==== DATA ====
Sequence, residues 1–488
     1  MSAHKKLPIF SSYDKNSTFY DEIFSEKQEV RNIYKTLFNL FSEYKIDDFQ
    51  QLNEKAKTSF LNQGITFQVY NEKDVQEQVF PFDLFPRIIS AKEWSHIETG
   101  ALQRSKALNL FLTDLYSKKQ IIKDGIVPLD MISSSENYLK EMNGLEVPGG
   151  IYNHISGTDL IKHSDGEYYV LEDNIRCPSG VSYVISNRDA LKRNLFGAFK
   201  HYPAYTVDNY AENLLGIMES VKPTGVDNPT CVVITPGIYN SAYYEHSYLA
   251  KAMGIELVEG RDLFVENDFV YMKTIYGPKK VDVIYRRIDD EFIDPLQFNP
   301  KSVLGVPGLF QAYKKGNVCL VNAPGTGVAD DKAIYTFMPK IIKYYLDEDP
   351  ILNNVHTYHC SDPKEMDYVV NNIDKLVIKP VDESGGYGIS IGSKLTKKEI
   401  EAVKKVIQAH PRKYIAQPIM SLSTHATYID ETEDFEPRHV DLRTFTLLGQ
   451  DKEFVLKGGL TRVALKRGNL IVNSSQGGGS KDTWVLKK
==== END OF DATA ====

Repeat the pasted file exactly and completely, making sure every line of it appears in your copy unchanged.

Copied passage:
Sequence, residues 1–488
     1  MSAHKKLPIF SSYDKNSTFY DEIFSEKQEV RNIYKTLFNL FSEYKIDDFQ
    51  QLNEKAKTSF LNQGITFQVY NEKDVQEQVF PFDLFPRIIS AKEWSHIETG
   101  ALQRSKALNL FLTDLYSKKQ IIKDGIVPLD MISSSENYLK EMNGLEVPGG
   151  IYNHISGTDL IKHSDGEYYV LEDNIRCPSG VSYVISNRDA LKRNLFGAFK
   201  HYPAYTVDNY AENLLGIMES VKPTGVDNPT CVVITPGIYN SAYYEHSYLA
   251  KAMGIELVEG RDLFVENDFV YMKTIYGPKK VDVIYRRIDD EFIDPLQFNP
   301  KSVLGVPGLF QAYKKGNVCL VNAPGTGVAD DKAIYTFMPK IIKYYLDEDP
   351  ILNNVHTYHC SDPKEMDYVV NNIDKLVIKP VDESGGYGIS IGSKLTKKEI
   401  EAVKKVIQAH PRKYIAQPIM SLSTHATYID ETEDFEPRHV DLRTFTLLGQ
   451  DKEFVLKGGL TRVALKRGNL IVNSSQGGGS KDTWVLKK